This is a first-rate magazine. The content excels. Technologically, BJP has improved their implementation of iPad navigation. Interactivity is exceptional.

Intelligent Life
iPad iTunes App Store

Intelligent Life, not strictly speaking a photography magazine, published by the Economist, has gone from quarterly to bimonthly publication. With continued sponsorship by Credit Suisse, the latest issue, as all the previous issues, is free on the iPad. Intelligent Life is like a British version of The New Yorker, on cultural steroids, with lots of great photography and video. An in depth survey of current culture and arts – predominantly British – is accompanied by well-written feature arfticles that go into the worlds of ideas, food, fashion, the cinema, and photography. The featured photo essay is a great portfolio of black and white images of the Ethiopian mountains by Sebastião Salgado.    

The advertising copy for Credit Suisse is as engaging as some of the feature copy. This issue, for instance, Credit Suisse highlights the upcoming UK show of Leonardo DaVinci’s painting, and the series of Credit Suisse articles comprise an entertaining and highly informative feature in themselves.

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New iPad Photo Magazine

There’s a new photography magazine on the iPad – Photographer’s i (I assume that’s a play on Photographer’s Eye. But it’s iPad, so…  eye… i… ). This first issue is great, and Photographer’s i looks like it may become one of the prime iPad-based photo magazines available.

Photographer’s i was designed ground up for the iPad, and it features a level of iPad interactivity and user effectiveness unknown in other magazines except possibly for the British Journal of Photography and one or two others.

Don’t miss previous review of iPad photography magazines…

Unlike most photography magazines – but similar to a few good ones like the British Journal and AperturePhotographer’s i is not devoted to pages and pages of gear reviews and ads or endless how-to’s. The tutorials are there, but they are sophisticated and helpful. More to the point, Photographer’s i is devoted to the photographer’s craft, the art of making pictures.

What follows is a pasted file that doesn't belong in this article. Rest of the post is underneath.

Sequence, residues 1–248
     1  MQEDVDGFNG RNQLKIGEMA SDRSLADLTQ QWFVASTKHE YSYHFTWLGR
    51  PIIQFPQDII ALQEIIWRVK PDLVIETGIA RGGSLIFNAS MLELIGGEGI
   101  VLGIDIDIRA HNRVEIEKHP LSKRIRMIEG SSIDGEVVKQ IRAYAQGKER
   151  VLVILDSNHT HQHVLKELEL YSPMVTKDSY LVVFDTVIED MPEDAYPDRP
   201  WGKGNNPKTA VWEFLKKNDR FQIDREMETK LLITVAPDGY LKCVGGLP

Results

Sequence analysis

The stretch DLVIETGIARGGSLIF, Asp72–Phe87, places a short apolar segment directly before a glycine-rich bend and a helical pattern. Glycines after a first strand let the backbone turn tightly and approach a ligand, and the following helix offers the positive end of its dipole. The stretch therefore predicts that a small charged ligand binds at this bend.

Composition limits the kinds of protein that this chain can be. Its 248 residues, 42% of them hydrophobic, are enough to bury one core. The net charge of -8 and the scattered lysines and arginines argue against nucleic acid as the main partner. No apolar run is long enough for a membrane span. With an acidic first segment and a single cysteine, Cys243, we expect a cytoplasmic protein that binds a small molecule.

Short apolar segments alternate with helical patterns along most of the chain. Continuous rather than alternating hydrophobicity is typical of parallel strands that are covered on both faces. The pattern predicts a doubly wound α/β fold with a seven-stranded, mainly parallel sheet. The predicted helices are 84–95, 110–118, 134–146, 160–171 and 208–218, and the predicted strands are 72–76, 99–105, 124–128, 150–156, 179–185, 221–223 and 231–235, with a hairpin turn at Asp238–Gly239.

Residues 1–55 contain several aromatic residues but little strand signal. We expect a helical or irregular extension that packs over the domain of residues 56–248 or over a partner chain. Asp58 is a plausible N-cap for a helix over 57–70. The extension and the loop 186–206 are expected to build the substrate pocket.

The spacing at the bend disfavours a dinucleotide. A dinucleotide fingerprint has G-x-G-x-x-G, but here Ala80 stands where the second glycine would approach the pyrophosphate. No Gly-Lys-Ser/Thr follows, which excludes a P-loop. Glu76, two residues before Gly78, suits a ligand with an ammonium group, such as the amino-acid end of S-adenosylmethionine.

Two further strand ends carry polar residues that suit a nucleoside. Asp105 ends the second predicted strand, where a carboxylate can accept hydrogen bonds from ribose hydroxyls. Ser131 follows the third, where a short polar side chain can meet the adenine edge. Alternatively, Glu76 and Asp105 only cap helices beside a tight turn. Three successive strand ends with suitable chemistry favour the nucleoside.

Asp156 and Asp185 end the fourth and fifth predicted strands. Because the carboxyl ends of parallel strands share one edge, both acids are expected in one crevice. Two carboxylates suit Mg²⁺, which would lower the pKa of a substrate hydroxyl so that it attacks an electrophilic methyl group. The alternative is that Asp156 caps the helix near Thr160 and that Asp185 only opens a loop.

More after the jump…

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Photography Magazines on the iPad – Part 3

We have a few more magazines with iPad versions to review. They include one truly exceptional magazine – Intelligent Life – and two pretty good ones – Sessions and Black and White Photography.

14.  Intelligent Life

Intelligent Life is the truly exceptional magazine. It is published by The Economist in the UK. It’s much more than a photography magazine. Intelligent Life is an erudite, elegant, entertaining and attractively edited magazine about culture, letters, and the arts. And photography. The photography is excellent, and  each issue includes photo essays. The magazine features a high degree of interactivity, but all the interactivity is thoughtful and well-executed.

This is a delightful magazine. I think of it as a UK version of the New Yorker, with lots of photography in color.

Much more after the jump … Read More

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Photography Magazines on the iPad – Part 2

Part 1 included reviews of some magazines available from Zinio. Zinio is an excellent iPad magazine store, easily competitive with Apples own Newstand. But there are now some really excellent photography magazines that have developed their own apps for the iPod. As with Part 1, I’ll link to the magazine websites, usually a treasure trove, as well as the iPad appstore link.

9. British Journal of Photography

Grade   Content A+  iPad Format  A
Photography     →Website    →iPad app 

The print version of the British Journal of Photography claims to be the oldest photography magazine in the world. The iPad version has been developed exclusively for the iPad, and it’s really wonderful. The app is brand new. Photography will publish quarterly (the print mag is monthly); only the first issue is available now, and it’s free.

More after the jump…